Money talks. The airlines have been clear about that for some time now, each tweaking their programs a bit to make it more and more obvious. Today’s major move comes from United Airlines which is matching Delta‘s plan to track spending as a part of qualification for elite status in 2014 (towards 2015 status). Much like Delta the rule of thumb will be 10 cents per PQM; you’ll have to spend $10,000 to be a 1K going forward.
The following charges count towards the spending requirement:
- Base fare and carrier-imposed surcharges
- Flights flown by United, United Express, or Copa Airlines
- Flights operated by a Star Alliance or a MileagePlus partner airline and issued on a United ticket (ticket number starting with 016)
- Economy Plus purchases
Similar to Delta there will be an exemption for $25,000 annual spend on a co-branded credit card. Unlike Delta, however, United will not allow the CC spend to get you in to 1K (DL does for Diamond). Also similar to Delta, the spend requirement only applies for members with a mailing address in the 50 United States.
I get why they’re doing this. It sucks for me personally and 2014 will likely be my last year as a 1K. But I get it. And for the few people holding out hope that Delta would reverse course, this pretty much seals the deal on that one.
Stays at Marriott hotels can now (and again) earn miles in the American Airlines AAdvantage program. The two programs were partners in the past took a bit of time off and now are together again. For the occasional Marriott guest this means one or two points per dollar spent at the various Marriott brands. And for folks with larger balances in the Marriott Rewards program those points can now be moved en masse out to AAdvantage.
Here’s the breakdown on the two options:
You’ll earn two AAdvantage miles per $1USD spent on all qualifying transactions at these participating brands:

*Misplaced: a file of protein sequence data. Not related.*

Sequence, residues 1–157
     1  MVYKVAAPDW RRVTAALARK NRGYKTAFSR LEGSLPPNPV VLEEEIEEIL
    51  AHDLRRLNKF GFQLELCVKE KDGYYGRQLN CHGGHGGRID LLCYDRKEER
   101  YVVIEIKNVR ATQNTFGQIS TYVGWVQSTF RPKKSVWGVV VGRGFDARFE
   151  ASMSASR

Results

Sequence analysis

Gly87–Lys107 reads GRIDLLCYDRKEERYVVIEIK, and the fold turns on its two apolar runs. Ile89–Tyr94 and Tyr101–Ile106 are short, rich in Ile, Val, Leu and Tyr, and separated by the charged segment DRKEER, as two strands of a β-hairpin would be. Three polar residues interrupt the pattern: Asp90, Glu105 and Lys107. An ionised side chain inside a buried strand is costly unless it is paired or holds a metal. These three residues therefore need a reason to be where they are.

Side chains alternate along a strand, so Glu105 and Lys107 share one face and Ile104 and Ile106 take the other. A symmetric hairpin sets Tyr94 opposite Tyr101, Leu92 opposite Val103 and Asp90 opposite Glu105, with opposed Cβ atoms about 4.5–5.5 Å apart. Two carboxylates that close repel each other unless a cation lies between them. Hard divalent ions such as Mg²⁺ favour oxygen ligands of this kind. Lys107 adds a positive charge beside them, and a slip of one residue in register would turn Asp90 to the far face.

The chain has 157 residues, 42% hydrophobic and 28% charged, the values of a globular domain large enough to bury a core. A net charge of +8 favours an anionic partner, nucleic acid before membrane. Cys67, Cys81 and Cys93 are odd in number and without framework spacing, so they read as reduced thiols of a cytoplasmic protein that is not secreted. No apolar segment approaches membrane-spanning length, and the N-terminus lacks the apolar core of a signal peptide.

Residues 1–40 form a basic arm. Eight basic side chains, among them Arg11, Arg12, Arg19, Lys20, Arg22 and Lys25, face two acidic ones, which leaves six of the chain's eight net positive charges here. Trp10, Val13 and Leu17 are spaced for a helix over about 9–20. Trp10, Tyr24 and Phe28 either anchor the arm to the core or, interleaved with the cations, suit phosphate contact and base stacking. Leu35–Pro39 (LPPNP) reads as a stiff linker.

- JW Marriott®
- Autograph Collection® Hotels
- Renaissance® Hotels
- Marriott® Hotels
- Marriott Vacation Club®
You’ll earn two AAdvantage miles per $1USD spent on room rate only at these participating brands:
- The Ritz-Carlton®
- Gaylord Hotels®
You’ll earn one AAdvantage mile per $1USD spent on room rate only at these participating brands:
- AC Hotels
- Courtyard by Marriott®
- Fairfield Inn & Suites by Marriott®
- SpringHill Suites by Marriott®
- Residence Inn by Marriott®
- TownePlace Suites by Marriott®
- Marriott Executive Apartments®
You can convert Marriott Rewards points to AAdvantage miles:
- 10,000 points = 2,000 miles
- 20,000 points = 5,000 miles
- 30,000 points = 10,000 miles
- 70,000 points = 25,000 miles
- 140,000 points = 50,000 miles
American is also now a participant in the Hotel + Air packages Marriott offers. A seven night stay at a Category 5 hotel should cost 150K points (4th night free, 25K/night) but with the package you can get 50K AA points AND the 7 nights for 200K Marriott points, only 60K more than the 140K it takes to transfer to the 50K AA points from the chart above. Yes, you need to have a whole lot of Marriott points to get to that bonus, but if you have them it can be a tremendous value. Note that if you plan to redeem at a Category 1 or 2 hotel this program is probably a bad value.
Finally, as part of the new partnership launch the two companies are offering 500 bonus AAdvantage miles for stays at any Marriott which are credited to an AA account from July 15 – August 15, 2013. Not sure why the wait to start, but it is there.
Always good to have more partners. Added bonus in this case is that the partnership is a pretty fair one.
The TrueBlue program has gone from one of the most strict in terms of points expiry to one of the most generous and their customers don’t have to do a thing to take advantage of the change. Rather than requiring earning activity via travel or the co-branded credit card once per year to remain active points simply do not expire now. At all.
From the email I received this morning announcing the change: